So I had a brainstorm in the shower. Yes, the shower. It's the only place you can think anymore with a 7-month old tearing through your sock drawer. I was thinking about the claims, made every year, that the games industry is "dead in terms of innovation". That there aren't any new game mechanics, that every game that is a success today is just a game that we've already made with better graphics or one strange new feature. The folks that make those claims would look at DOOM3 and say "It's DOOM with a journal and a flashlight. Whoop-dee-doo." I had recently read a bunch of stuff like this in old GDC proceedings because I was going to use it to challenge my programming class .(Their next assignment is to build an arcade game- and I am trying to promote original thinking instead of getting Space_Invaders_013467).
So I had been thinking about that, and then it hit me: The Games Industry Needs B-Sides. For those of you who never got your music on a grooved vinyl disc, allow me to explain . A "B-Side" was the flip side of an album, the side that you didn't buy it for. On the "A-Side" were all the hits that were on the radio, the sonds that people bought the album for. The B-Side was usually the wierd experimental stuff that the band gave you as 'extra' - you might like it as a hit, you might not. It was yours for the taking, whatever.
I think there is an interesting opportunity here: stick some "B-Side" experimental games on the DVD with the big title. Little Flash games, or student games, or Internet games that haven't taken off yet. Don't advertise them on the box, sell the "big game" just like always. But some folks might try the little thing that comes with it - and that little thing is the place where game designers can be totally off the wall because it *doesn't matter* if its successful: it isn't being independantly sold, and it's probably either cheaply made or it is the kind of thing folks do in their basements for the love of the craft. No, they won't have the glitz and glamor of the "big game". Anyone ever compare the recording quality of the "A-Side" songs (mixed, perfected, pitched, etc.) with the "B-Side" (live studio riffs, and not much else)?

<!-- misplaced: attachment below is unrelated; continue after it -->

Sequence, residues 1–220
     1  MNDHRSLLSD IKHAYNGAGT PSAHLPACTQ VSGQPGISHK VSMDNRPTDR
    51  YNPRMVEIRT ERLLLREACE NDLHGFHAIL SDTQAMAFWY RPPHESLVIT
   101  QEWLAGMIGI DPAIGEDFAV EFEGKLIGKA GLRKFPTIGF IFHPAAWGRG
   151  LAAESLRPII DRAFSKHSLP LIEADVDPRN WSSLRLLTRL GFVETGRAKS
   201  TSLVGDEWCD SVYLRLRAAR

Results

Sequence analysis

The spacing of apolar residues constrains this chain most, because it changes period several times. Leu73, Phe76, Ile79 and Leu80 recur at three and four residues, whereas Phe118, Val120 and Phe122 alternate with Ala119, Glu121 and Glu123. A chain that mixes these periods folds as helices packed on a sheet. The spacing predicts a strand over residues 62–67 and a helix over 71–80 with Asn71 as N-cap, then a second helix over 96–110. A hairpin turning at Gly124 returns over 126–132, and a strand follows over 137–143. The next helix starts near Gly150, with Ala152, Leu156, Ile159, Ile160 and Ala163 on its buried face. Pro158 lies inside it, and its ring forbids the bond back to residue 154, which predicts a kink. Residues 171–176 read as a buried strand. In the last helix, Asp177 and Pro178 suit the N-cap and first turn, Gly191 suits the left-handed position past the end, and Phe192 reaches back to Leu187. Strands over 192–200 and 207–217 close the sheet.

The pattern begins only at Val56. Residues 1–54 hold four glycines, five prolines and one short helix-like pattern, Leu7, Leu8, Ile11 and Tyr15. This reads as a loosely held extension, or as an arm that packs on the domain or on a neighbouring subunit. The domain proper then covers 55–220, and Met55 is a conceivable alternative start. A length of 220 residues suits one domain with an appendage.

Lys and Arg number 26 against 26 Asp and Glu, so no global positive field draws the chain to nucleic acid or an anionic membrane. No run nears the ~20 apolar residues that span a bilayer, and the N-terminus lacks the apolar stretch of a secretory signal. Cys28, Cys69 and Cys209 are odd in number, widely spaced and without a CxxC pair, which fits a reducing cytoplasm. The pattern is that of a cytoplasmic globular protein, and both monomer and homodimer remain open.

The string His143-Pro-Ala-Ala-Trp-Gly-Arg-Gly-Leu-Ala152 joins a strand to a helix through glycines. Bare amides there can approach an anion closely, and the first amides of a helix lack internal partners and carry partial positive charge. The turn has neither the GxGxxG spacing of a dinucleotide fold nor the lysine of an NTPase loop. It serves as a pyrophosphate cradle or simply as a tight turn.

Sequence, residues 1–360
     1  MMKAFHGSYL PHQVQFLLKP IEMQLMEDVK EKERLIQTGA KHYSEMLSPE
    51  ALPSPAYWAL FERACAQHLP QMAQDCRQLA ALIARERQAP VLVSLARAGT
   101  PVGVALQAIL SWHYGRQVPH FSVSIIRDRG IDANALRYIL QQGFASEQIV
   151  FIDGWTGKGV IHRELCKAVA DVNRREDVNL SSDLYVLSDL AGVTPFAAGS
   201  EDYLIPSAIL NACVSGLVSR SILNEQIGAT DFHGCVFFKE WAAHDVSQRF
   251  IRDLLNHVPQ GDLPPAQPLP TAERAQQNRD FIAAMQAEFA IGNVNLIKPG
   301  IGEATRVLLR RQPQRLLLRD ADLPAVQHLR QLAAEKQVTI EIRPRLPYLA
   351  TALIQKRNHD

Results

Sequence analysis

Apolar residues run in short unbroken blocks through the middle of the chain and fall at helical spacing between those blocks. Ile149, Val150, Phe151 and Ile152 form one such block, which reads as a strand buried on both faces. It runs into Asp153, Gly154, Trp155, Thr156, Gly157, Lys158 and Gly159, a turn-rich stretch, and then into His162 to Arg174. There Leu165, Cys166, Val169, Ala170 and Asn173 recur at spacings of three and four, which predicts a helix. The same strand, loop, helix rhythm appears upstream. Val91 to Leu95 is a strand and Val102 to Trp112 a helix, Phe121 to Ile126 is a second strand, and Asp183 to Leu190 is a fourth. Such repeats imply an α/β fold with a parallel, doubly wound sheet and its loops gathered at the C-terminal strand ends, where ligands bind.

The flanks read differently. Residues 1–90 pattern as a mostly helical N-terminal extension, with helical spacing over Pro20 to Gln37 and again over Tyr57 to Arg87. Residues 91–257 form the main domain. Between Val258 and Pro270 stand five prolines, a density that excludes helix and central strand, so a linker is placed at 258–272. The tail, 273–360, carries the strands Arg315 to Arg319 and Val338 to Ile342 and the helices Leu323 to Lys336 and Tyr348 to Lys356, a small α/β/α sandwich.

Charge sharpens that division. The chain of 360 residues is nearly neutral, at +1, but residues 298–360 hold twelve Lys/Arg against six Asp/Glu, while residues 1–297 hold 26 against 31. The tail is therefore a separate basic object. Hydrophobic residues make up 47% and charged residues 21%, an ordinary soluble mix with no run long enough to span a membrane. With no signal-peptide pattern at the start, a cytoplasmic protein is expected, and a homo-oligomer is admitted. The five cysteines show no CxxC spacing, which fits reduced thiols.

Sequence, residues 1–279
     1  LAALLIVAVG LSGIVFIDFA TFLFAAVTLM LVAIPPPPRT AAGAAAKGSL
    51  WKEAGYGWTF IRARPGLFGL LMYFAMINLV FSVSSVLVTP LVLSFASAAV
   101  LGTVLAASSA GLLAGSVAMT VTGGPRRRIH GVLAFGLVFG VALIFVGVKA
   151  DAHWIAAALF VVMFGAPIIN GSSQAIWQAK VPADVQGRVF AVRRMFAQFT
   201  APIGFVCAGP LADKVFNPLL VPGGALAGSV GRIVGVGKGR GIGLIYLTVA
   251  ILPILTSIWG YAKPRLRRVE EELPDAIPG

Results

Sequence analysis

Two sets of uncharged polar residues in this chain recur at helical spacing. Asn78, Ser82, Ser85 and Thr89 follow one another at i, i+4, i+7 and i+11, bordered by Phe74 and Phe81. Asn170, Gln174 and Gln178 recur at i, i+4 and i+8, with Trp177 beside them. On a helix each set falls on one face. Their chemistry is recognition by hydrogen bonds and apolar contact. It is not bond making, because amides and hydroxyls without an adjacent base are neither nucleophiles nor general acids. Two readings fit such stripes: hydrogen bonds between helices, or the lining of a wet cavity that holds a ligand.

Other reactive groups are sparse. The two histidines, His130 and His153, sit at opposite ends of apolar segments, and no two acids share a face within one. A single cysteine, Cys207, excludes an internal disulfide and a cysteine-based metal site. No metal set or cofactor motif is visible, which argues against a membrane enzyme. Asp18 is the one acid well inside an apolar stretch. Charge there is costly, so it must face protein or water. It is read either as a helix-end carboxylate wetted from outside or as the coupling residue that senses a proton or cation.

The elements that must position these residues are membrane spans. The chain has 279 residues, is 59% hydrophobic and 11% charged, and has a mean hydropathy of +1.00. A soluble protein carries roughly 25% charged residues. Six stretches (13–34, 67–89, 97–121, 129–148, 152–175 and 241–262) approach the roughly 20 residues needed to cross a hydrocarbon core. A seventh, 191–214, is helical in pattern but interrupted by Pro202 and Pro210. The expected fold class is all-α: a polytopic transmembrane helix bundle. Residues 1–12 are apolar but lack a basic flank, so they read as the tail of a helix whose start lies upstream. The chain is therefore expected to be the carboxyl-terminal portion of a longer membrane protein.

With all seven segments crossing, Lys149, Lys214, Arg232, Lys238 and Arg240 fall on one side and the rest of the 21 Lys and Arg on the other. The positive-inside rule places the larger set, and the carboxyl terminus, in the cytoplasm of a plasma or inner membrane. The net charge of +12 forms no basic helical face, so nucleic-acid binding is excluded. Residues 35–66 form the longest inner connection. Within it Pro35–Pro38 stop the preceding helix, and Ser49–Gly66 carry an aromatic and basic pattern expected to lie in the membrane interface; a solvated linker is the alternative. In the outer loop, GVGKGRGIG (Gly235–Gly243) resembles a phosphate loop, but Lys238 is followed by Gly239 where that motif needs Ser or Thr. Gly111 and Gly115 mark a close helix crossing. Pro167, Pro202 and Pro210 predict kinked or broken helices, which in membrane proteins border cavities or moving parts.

I wouldn't mind an extra freebie game on the disc when I go buy Final Fantasy 22, in fact if I knew it let more people experiement "outside the box" I would specifically look for that version.
I have an idea what the critics are going to say: "no one makes games cheaply anymore" (but the freeware tools are really coming along!). "No one has the resources for experimental development" (bull honkey, just look at how many people enter the Independant Games Festical on shoestring budgets and student work...) and (my least favorite) "the big games companies make the best games because they have all the good game designers" (what a total farce).
If the industry wanted this, they could easily do it out of the profit margins of the larger titles. Easily. So if the industry really believes itself about the lack of innovation that it touts at GDC every year, put your money where your mouth is, and offer some incentive for experimental throw-away games. The way you innovate is make 20 totally different different games and find the one (or parts of some) that works. No one in the art world has every really had a different model.